Packet Sniffing

A packet sniffer captures packets from the Ethernet bus. The network interface card (NIC) acts in a mode called promiscious mode. Promiscious mode means that the NIC can look at all traffic on the wire and not just to traffic addressed to itself. Normally, the NIC ignores all traffic except for packets addressed to itself, multicasts and broadcast packets.

In the old days, you would have to manually "take apart" the packet from the captured hexadecimal digits. Now, there are excellent free open source packet capture apps that do it for you. The best known one and the one that I use is called Wireshark - highly recommended as there are versions for both Windows and Unix.

The following captured packet is displayed in raw format. Raw format is hexadecimal numbers in rows of 16 digits.

FF  FF  FF  FF  FF  FF  00  20  AF  10  9A  C0  00  25  E0  E0
03  FF  FF  00  22  00  11  00  00  00  00  FF  FF  FF  FF  FF
FF  04  52  00  00  00  00  00  20  AF  10  9A  C0  40  0B  00
01  00  04  00  00  00  00  00  00  00  00  00

Raw Captured Packet

Raw captured packets do not display the Preamble, Start Frame Delimiter and the Frame Check Sequence fields. These fields are used to inform the receiving station of a new frame and for error checking.

The breakdown of the packet is according to the Ethernet MAC frame and as follows:

1st 6 bytes:FF-FF-FF-FF-FF-FFDestination MAC address
2nd 6 bytes:00-20-AF-10-9A-C0 Source MAC address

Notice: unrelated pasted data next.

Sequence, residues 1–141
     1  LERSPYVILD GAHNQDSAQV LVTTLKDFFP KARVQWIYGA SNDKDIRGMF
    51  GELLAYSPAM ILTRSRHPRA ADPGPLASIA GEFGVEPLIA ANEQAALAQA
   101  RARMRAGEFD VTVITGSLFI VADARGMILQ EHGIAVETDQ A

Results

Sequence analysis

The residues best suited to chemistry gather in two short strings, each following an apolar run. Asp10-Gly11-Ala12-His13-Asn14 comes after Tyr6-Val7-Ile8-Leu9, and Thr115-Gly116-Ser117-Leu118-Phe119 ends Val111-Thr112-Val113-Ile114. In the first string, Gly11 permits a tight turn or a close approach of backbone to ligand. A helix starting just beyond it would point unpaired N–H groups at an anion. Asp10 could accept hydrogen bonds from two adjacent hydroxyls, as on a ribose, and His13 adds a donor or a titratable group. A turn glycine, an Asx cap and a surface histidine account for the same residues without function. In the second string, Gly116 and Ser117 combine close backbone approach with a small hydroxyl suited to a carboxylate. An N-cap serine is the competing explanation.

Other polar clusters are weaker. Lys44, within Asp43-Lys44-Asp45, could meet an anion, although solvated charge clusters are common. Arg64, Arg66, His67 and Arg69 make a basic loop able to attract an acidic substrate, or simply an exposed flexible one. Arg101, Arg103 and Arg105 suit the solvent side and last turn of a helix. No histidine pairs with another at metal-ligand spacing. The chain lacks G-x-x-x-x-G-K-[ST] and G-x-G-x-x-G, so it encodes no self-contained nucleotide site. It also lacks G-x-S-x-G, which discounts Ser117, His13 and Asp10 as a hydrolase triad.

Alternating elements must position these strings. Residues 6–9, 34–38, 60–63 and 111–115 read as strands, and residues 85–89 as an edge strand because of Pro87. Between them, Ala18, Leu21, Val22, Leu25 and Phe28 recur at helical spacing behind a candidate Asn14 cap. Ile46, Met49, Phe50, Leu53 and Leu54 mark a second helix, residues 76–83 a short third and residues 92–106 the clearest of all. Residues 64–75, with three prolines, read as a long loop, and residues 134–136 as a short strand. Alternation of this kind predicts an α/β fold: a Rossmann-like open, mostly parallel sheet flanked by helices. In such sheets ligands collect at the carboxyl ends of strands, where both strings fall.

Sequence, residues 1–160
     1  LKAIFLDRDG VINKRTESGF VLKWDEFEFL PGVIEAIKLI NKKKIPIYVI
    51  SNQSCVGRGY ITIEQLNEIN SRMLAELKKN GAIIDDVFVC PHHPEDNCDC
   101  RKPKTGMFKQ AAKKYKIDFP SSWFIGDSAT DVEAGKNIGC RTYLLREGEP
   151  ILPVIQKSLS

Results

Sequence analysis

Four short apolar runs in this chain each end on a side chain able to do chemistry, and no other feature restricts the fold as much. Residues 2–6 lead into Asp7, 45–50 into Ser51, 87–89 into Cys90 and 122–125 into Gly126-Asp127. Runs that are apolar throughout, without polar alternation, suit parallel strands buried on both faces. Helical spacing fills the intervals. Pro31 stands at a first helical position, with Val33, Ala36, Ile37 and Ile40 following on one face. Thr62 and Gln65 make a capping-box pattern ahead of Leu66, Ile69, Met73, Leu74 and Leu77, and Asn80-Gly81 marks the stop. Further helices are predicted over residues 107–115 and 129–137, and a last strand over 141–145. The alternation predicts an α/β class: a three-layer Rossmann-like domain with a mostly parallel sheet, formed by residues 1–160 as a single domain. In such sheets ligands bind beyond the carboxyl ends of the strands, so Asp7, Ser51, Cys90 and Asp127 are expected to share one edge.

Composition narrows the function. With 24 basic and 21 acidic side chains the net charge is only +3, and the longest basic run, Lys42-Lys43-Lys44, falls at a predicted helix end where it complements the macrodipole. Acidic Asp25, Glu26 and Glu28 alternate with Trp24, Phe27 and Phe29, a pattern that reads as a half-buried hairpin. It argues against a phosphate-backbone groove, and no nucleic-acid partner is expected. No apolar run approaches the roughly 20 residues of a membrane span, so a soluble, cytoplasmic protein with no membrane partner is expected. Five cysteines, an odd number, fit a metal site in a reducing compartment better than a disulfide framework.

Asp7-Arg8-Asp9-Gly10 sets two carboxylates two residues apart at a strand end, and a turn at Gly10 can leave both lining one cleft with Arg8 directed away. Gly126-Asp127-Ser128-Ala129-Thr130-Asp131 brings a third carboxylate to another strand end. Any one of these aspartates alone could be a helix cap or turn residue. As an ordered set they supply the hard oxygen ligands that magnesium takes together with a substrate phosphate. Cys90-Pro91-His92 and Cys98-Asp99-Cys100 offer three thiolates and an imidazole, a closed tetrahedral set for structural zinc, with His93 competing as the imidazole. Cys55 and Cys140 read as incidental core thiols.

Next 2 bytes:0025Length/Type field - IEEE 802.3 frame
Next 37 bytesData
Last 9 bytesall 00sPad

The length of the data in the Info field is 0025h or 37 bytes long. The minimum Info field size is 46 bytes so the data is padded with 9 bytes of 00h.

The Length/Type field value is less than 05DCh (1500 in decimal) which indicates that it is an Ethernet_802.2 frame (IEEE 802.3) with a Logical Link Control layer (covered later) between the MAC layer and the Network layer.

If the value was 0800h, it would indicate an Ethernet_II frame used for TCP/IP.

If it were 8137, it would indicate an Ethernet_802.3 (raw) frame used by pre 3.12 Netware.

The complete listing of the Length/Type field assignments is covered in Ethernet Type Field page.

Looking at the MAC block diagram, the data from the Info field is shown broken down (up to be more exact) into the higher levels: Logical Link Control layer, Network layer and the Transport layer. Note: A thorough knowledge of each of the layers and quite a few handy reference books are required in order to determine exactly what is happening. The remaining layers will be examined as an example only.

NOTE: Modern packet sniffer will break down the raw packet's fields for you.

LLC Layer

The first 3 bytes of the data in the Ethernet frame Info field is the header of the Logical Link Control layer (LLC IEEE 802.2).

 1st byte: E0 Destination Service Access Port (DSAP)
 2nd byte: E0 Source Service Access Port (SSAP)
 3rd byte: 03 Control code

E0h indicates that it is a Novell Netware stack talking (source) to a Novell Netware stack (destination). The 03h is the LLC layer's handshaking. The size of the LLC's Data field is 34 bytes.